Friday, December 24, 2010

Koreans are people too

Some of the things I see written about Korea stun me for the outrage they would cause if Koreans said it about Westerners or non-Koreans. Granted, I'm one who frequently criticizes Korea, particularly Korean government, but I would like to think that I've kept my criticisms qualified by degrees or as reflective of parts of Korean society.

I came up with the idea for this post about a month ago, when I read this post on a message board, which positions Westerners as rational and Koreans as inherently irrational because:

"remember we Westerners want to talk in facts and such (our tv shows are full of info and history), but alot of the "facts" they know are from their books and such"

The writer goes on to say, "(dont get me started on the emptyness of the local tv programming)". Anyone who has ever seen Western TV, especially the most popular programs, would never claim that it is "full of info and history", except for some staunchly racist boor who can't conceive of reason and intelligence existing apart from, our outside of, the West.

At the end of the post, he uses the word "locals". There is perhaps no more pejorative term for Koreans used online than "locals", even more pejorative than "K-girl", "K-teacher", "Kimmi". Local implies an unfathomable gap between the writer and Koreans, the sort imagined by European explorers. It's really a step or two above something further dehumanizing like "natives" or "savages", as in "I spent a lot of time with the locals, who were quite adamant about the healing powers of some fermented cabbage they referred to as 'kim chi'".

A discussion I once saw about the Korean tendency to have the window open a crack even during cold weather turned into a discussion about Korean manners, which concluded with someone saying something to "the only manners Koreans have..." I'm sure the person wouldn't make such a statement about Korean-Americans or blacks, no matter how much time she had spent around people from those backgrounds and how much frustration she had received at their hands.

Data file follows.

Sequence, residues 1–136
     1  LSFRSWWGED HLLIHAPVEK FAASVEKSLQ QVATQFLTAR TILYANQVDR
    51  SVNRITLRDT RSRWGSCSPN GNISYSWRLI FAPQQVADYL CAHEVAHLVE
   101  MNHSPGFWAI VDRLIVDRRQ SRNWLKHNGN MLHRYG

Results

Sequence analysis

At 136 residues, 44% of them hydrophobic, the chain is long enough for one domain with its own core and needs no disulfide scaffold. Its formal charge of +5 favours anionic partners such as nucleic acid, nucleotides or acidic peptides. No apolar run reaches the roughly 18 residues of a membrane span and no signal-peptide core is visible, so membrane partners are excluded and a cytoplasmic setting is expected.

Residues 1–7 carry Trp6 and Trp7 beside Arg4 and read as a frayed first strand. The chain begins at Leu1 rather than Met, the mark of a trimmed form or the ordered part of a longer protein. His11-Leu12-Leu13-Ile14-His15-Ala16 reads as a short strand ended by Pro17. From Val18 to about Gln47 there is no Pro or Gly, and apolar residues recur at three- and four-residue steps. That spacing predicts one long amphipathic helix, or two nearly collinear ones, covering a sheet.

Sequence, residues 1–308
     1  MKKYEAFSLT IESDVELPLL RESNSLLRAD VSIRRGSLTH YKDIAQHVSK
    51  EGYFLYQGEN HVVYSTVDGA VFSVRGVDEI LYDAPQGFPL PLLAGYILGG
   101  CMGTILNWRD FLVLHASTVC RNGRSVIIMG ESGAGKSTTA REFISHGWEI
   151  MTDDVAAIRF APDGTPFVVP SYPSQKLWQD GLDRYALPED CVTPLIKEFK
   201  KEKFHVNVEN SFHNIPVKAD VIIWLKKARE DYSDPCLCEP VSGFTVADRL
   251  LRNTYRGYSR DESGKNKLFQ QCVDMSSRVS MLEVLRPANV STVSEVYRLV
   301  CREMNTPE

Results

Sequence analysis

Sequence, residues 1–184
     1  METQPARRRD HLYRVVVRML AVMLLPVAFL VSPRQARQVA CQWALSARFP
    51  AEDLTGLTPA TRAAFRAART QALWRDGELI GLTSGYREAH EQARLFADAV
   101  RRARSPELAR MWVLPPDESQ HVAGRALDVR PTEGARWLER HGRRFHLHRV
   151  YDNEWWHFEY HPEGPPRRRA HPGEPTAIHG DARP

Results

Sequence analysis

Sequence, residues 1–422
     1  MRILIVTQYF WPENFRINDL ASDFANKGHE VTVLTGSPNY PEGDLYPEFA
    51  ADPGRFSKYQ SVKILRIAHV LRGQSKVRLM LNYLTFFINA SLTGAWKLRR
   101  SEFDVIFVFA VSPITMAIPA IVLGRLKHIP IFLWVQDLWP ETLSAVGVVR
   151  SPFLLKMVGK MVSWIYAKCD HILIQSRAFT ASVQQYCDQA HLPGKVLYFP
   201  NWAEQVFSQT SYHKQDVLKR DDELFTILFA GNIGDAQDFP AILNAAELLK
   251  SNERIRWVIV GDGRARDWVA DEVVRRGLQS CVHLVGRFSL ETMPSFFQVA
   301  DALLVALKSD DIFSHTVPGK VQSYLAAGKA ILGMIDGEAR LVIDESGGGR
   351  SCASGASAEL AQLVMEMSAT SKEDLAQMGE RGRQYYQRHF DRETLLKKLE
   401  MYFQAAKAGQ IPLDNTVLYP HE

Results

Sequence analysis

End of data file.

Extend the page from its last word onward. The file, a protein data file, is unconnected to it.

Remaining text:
Based on the Internet and discounting venues like YouTube or newspaper articles, the only one who seems to be openly racist or xenophobic on legitimate Internet fora is us. We go on and on about how Korean women are not attractive, intelligent or bearable as companions, we talk about the pervasive irrationality of the education system ("what exactly do they learn all day anyway?"). It's undeniable that Korea has a problem with being nativist and xenophobic, but we don't act that much better, if better at all, when discussing Korea.

We have a vast belief in the superiority of Western values, to the extent that we conflate Western values with the West. This is why we ask for Western doctors because Korean doctors aren't logical, though with a life expectancy higher than America's, Korea is probably doing something right. In believing in our supreme, invincible superiority while paying lip service to the value of other cultures, we become the caricatures we mock, The kind of person who says "yes, I believe that all people are equal, as long as none of them are black and all of them are Korean."